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6 Steps Financial Advisors Can Take to Remove Fake Google Reviews

Reputation is vital to any business. But for financial advisors, reputations that produce trust are everything. Unfortunately, managing your financial advisory firm’s reputation online can be complicated by fake negative Google reviews that paint an inaccurate picture of your firm and damage the reputation you’ve worked so hard and long to build. 


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The good news is that you can take steps to have fake Google reviews removed from your financial advisory firm’s Google listing. Keep reading to learn all about fake Google reviews and what you can do about them.


Step 1: If You Haven’t Already, Claim Your Google Business Profile

Before you can do anything with the Google reviews for your financial advisory firm, you must establish that you are the business owner. Without this, you can’t respond to reviews or request Google to take any action. This can be done by visiting Google Business and providing verification that you are in fact the business owner. This can be done in several ways, most easily by validating an email address at your financial advisory firm’s domain. 


Step 2: Monitor Your Financial Advisory Firm’s Google Reviews

It’s important to know what’s being said about your financial advisory business— both good and bad. And you can’t do anything about fake Google reviews if you don’t know about them. To be alerted for these occurrences as well as other things being said about your financial advisory firm online, you need to implement some type of reputation monitoring process.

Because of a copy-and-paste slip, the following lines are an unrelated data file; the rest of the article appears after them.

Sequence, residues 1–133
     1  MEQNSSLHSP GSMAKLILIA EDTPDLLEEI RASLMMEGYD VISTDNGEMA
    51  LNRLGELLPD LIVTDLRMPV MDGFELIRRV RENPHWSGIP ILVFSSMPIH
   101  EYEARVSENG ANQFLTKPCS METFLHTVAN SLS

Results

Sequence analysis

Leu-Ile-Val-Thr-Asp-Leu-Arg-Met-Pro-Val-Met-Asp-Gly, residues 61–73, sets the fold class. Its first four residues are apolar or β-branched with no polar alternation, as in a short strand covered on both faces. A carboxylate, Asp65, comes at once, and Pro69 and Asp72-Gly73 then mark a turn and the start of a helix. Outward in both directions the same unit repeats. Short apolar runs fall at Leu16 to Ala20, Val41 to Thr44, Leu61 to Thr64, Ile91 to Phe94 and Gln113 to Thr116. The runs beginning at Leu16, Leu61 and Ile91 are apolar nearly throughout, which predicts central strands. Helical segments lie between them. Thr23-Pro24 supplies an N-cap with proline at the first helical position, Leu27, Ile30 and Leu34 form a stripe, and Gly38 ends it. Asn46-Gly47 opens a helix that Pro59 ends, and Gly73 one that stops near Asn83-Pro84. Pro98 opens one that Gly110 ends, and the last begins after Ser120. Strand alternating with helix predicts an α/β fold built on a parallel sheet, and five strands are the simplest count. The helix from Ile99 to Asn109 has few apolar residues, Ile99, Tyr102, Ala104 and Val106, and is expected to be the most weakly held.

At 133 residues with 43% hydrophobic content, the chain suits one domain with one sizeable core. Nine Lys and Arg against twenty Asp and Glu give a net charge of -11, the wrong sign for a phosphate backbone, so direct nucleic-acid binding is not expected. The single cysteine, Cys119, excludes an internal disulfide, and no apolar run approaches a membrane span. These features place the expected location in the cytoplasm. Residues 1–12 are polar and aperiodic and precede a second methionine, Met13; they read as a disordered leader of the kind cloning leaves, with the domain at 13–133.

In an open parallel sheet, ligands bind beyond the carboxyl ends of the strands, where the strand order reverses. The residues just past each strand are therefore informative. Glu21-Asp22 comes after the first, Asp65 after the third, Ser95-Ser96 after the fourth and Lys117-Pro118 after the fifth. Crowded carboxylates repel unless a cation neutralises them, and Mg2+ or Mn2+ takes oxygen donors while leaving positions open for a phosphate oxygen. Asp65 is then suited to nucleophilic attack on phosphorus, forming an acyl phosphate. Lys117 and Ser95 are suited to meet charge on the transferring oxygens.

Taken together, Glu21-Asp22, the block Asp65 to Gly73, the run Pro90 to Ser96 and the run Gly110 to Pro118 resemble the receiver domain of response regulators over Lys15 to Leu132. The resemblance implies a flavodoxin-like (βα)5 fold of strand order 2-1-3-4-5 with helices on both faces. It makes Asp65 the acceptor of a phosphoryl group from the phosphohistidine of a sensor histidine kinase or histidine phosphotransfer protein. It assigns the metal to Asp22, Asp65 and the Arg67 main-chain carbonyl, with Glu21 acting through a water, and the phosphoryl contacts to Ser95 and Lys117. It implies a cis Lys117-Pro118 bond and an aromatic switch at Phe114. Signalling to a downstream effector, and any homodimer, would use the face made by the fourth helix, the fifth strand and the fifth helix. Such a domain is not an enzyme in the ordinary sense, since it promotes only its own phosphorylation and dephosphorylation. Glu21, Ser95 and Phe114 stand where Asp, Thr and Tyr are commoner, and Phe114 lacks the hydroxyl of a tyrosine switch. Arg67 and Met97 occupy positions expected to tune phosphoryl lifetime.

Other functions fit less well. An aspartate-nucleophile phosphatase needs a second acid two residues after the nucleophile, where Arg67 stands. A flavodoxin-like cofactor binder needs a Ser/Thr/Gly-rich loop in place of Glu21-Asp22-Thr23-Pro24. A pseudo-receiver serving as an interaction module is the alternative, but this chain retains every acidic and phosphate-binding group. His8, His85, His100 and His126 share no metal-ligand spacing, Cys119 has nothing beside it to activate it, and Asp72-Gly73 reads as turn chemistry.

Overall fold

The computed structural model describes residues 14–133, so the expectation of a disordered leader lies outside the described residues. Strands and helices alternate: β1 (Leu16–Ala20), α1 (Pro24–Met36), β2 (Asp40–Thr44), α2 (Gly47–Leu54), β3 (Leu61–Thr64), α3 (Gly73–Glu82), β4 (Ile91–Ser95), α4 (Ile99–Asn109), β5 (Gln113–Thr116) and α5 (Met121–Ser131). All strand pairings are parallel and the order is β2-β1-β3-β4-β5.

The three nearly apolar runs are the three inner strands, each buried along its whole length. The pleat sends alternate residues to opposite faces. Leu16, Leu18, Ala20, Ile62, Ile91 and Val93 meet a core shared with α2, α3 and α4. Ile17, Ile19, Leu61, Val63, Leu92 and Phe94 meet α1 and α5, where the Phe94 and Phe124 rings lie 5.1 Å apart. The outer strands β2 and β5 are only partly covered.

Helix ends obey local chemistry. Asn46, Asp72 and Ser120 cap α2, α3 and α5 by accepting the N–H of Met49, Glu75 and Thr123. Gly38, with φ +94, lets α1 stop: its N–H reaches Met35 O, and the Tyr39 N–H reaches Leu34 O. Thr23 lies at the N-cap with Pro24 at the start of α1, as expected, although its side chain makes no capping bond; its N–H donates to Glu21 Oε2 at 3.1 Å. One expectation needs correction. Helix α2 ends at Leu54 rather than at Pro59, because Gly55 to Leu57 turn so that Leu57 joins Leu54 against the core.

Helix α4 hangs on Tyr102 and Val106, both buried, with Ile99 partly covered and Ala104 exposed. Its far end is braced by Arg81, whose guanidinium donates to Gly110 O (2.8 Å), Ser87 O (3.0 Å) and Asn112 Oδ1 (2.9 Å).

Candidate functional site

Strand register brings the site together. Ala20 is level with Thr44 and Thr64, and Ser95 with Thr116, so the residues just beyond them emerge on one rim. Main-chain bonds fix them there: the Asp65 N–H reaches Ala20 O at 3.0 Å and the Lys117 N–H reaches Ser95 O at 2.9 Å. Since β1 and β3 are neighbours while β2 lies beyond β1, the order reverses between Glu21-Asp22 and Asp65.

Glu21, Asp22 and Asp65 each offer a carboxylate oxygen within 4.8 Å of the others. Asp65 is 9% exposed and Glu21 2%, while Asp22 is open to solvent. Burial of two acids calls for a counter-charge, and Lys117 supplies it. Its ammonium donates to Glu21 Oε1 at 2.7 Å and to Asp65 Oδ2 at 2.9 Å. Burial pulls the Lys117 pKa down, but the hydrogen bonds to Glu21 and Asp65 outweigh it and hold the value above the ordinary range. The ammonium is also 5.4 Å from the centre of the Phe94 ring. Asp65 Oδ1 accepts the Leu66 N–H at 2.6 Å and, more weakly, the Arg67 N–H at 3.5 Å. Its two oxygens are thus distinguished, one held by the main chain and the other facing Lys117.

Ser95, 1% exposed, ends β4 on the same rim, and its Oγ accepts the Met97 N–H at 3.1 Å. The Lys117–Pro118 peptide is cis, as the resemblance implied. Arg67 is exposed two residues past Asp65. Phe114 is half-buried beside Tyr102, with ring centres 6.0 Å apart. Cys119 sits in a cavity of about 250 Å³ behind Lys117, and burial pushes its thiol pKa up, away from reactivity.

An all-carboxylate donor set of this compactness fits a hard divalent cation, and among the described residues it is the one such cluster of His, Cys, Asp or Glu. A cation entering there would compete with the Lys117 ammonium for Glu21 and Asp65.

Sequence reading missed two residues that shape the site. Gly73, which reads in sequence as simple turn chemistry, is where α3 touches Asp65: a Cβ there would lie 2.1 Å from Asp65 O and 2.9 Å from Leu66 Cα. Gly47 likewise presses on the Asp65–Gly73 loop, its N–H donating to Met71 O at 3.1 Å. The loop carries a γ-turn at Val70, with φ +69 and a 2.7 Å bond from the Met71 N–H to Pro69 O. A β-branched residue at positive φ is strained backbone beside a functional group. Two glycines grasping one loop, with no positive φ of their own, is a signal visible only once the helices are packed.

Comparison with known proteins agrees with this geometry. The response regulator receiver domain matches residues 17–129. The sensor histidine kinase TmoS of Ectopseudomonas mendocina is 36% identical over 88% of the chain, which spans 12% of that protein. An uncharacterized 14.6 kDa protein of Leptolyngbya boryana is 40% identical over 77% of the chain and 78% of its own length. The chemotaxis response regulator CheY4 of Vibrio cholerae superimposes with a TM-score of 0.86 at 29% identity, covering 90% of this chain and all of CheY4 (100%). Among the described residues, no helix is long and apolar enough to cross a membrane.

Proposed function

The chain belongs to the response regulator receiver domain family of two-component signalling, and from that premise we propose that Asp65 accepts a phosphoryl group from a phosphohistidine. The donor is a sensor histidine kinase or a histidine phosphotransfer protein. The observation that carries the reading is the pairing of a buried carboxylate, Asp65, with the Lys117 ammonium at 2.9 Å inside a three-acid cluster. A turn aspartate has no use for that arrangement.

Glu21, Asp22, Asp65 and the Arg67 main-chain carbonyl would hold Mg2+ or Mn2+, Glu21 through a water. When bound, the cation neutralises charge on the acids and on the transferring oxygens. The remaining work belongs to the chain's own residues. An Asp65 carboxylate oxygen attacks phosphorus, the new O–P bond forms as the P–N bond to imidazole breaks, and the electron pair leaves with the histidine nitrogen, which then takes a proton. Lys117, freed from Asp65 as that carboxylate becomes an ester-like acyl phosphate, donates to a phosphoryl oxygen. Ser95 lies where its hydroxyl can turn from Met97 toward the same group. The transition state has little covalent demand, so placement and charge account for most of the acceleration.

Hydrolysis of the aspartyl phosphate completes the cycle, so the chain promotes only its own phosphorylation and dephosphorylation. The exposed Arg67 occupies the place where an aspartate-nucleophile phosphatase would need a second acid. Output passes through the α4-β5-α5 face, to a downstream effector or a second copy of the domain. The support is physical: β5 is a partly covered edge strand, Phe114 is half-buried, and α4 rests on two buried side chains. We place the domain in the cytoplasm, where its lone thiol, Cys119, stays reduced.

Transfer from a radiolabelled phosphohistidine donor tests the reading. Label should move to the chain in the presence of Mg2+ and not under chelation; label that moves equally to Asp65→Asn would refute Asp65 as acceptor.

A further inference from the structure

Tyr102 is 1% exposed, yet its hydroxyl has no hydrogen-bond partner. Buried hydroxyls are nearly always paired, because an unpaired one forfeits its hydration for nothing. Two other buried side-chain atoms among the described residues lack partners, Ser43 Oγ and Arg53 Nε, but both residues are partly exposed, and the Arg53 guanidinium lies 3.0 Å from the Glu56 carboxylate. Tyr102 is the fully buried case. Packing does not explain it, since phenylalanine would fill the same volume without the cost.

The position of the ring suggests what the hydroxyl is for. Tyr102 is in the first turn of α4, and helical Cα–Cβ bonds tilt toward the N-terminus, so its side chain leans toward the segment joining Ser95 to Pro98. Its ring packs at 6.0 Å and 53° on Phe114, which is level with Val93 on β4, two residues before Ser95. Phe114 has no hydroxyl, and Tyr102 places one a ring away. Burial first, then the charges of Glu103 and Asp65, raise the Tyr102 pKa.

This could be as simple as setting up Google alerts to inform you when your business name is mentioned online.  Or hiring a reputation management firm to handle how your financial advisory firm is perceived online.


Step 3: Learn How to Spot Fake Google Reviews

This might be harder than it sounds. While some fake reviews are obvious and easy to spot, others can be disguised to “blend in.” As a rule, a fake review will have very generic language that could almost apply to any financial advisory firm. 

Conversely, an authentic review will likely provide details that only a real client would be able to provide. Additionally, financial advisors are in a unique position to know most of their clients personally or at minimum be able to verify if the reviewer was a client (assuming they used their real name in the review). 


Step 4: Understand Why Fake Negative Google Reviews Exist

You may be asking yourself why someone would bother writing a fake review. Common sources of fake Google reviews include competitors looking to defame a rival business, spambots looking to spread malware, or individuals simply looking for attention. 

In some extreme cases, malicious entities have been known to use negative reviews as leverage to extort money by removing the fake review(s) only after being paid. Regardless of the reason, these fake reviews can range from minor annoyances to major problems. That’s why it’s important to know what to do if you experience fake reviews on your financial advisory firm’s Google profile.